From MSKB 2001769: When you propagate the permissions on an object such as an organizational unit (OU), group, user, or computer in Active Directory, you may receive the following error:
“Unable to save permission changes on ObjectName. A constraint violation occurred.”
Cause: This will happen when the Access Control List (ACL) size on the object exceeds 64 KB, or approximately 1,820 Access Control Entries (ACEs) depending on the size of the ACEs.
What is the best practice here? This is what our lead AD admin said:
The way I cleaned this up was as follows:
- Review the individual accounts on all the OUs to get a list of the permissions those folks were granted.
- As you might expect, they were granted FULL (for both their admin and regular accounts)
- PLUS they were granted additional, specific sets (as if FULL didn’t already grant them that)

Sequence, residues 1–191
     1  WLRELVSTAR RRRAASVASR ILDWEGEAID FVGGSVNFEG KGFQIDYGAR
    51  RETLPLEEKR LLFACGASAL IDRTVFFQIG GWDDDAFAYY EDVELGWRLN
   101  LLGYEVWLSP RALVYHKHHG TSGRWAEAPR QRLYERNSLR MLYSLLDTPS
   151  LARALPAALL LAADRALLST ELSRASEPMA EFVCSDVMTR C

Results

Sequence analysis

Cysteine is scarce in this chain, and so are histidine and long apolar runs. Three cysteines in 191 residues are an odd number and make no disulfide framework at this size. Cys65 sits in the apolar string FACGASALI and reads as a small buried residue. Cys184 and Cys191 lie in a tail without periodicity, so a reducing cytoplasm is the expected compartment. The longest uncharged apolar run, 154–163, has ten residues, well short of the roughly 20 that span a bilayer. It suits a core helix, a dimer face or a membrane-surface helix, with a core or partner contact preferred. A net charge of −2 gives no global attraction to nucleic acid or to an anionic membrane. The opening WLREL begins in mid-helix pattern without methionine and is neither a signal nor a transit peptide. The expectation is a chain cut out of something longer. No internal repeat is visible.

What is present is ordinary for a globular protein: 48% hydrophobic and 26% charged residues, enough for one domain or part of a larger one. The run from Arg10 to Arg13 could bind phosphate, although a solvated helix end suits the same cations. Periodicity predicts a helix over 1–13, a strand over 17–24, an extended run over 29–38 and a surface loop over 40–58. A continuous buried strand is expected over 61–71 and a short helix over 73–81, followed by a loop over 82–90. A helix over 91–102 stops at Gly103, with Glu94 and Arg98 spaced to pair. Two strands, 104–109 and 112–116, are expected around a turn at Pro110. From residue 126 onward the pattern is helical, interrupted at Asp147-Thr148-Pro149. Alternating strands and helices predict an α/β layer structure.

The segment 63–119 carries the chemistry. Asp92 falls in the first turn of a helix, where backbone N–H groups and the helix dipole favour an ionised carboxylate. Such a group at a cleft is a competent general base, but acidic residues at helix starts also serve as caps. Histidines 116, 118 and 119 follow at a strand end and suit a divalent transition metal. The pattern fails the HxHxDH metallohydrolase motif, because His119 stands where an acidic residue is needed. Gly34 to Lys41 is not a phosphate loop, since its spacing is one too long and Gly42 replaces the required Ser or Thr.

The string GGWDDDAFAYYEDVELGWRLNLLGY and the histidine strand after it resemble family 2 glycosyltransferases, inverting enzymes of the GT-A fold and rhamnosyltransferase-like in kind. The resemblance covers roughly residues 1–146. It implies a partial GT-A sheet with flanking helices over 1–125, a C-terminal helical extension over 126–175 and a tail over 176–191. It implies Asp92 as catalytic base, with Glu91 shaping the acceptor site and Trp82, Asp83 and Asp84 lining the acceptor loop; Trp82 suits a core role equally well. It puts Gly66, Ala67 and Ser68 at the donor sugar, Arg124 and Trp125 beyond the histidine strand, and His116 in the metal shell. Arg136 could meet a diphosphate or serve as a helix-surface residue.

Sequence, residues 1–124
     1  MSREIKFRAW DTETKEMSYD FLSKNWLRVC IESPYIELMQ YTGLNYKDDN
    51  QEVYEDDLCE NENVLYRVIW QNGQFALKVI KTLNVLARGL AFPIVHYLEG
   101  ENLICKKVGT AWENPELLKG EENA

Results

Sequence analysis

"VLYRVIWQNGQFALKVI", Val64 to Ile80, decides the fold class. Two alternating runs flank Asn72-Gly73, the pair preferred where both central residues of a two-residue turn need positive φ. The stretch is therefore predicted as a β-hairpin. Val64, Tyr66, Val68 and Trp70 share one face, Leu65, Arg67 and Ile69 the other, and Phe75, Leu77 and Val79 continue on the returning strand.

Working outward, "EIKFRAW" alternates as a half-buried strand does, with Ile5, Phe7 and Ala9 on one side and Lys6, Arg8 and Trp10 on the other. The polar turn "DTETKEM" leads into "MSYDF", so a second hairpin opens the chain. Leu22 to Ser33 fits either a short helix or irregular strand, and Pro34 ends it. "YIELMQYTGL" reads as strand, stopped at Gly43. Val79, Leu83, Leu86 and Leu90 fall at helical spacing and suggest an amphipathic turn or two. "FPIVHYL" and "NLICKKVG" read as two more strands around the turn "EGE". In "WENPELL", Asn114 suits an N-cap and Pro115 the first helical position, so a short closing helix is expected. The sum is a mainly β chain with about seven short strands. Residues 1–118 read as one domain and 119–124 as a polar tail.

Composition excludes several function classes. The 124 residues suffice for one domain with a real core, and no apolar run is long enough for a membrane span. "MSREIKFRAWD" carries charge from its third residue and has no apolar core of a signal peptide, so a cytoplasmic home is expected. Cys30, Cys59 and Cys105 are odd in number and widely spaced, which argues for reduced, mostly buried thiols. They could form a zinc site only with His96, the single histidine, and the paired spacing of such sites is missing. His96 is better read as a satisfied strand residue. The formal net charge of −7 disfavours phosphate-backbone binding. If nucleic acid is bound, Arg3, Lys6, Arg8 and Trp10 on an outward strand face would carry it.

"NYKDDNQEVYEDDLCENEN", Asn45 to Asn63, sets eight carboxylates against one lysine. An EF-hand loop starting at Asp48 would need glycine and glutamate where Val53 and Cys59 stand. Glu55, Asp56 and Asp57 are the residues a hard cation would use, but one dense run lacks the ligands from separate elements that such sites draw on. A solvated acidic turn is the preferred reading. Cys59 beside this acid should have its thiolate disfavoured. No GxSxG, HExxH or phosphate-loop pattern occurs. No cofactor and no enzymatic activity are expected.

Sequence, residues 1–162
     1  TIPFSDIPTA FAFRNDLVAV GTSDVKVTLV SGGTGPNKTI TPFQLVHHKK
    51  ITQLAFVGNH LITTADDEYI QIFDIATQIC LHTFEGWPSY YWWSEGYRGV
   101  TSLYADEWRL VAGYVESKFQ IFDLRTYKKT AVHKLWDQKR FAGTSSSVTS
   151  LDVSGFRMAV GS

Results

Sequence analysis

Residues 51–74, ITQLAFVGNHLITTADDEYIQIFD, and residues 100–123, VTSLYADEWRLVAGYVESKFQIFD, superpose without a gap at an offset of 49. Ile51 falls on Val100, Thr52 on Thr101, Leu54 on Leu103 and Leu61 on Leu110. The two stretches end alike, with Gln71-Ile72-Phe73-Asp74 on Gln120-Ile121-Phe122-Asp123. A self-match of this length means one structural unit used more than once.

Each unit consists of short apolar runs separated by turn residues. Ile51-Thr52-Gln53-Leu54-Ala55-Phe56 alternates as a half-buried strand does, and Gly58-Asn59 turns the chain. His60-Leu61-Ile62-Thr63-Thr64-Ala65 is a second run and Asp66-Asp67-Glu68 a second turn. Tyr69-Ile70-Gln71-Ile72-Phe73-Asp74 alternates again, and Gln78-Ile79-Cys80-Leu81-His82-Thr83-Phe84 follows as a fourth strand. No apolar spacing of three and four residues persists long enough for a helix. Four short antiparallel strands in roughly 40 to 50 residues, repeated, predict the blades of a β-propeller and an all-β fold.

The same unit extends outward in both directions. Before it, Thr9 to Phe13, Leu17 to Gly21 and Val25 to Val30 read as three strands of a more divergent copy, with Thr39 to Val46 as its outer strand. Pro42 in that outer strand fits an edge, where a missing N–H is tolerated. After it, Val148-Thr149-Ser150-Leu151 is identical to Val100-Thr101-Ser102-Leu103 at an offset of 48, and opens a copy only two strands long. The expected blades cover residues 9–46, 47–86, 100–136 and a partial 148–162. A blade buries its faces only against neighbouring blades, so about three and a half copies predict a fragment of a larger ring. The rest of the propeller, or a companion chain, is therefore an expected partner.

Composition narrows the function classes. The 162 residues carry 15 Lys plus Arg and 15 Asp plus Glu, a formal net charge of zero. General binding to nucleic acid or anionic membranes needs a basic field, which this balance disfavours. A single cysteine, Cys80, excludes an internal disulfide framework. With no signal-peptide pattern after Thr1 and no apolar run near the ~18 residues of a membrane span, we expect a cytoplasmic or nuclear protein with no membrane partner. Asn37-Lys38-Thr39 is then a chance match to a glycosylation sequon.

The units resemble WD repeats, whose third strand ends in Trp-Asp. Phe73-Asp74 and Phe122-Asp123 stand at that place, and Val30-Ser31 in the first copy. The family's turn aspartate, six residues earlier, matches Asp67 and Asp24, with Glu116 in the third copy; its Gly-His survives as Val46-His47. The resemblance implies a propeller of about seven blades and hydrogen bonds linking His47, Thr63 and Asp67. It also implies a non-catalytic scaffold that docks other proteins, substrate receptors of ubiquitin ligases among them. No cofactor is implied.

- I then created a brand new OUAdministrator group (it covers more than one site, so I figured OU was the best I could do) and plunked only their admin account in that group
- I gave that group FULL control
- Then I went through the OUs as follows:
- Turned on inheritance & applied that change
- Added the OUAdministrator group to the top OU and granted it FULL (generic)
- Then on each OU, I went through and deleted the following:
- All individual user accounts (‘cause they were included in the group)
- All duplicative permission sets for other groups they had already granted FULL (generic) permissions—they have about 3 or 4 admin groups on the ACLS. Most had FULL (generic) PLUS individual sets of ACLS on long lists of 50 or more attributes for individual objects)
- I would also have removed broken SIDS at this point, but there weren’t any
Technically, I could also have removed the additional admin groups since they were redundant, but I just needed to get the ACLs down to a manageable size.
This is why granting generic permissions can be a good thing. For example, for folks like workstation/server admins, just grant them FULL (generic) on computer objects. There’s no point in trying to be more specific since they can’t “do” anything bad with computer accounts and it reduces the number of permissions required on the ACL.
The problem is definitely a case of “being too specific”.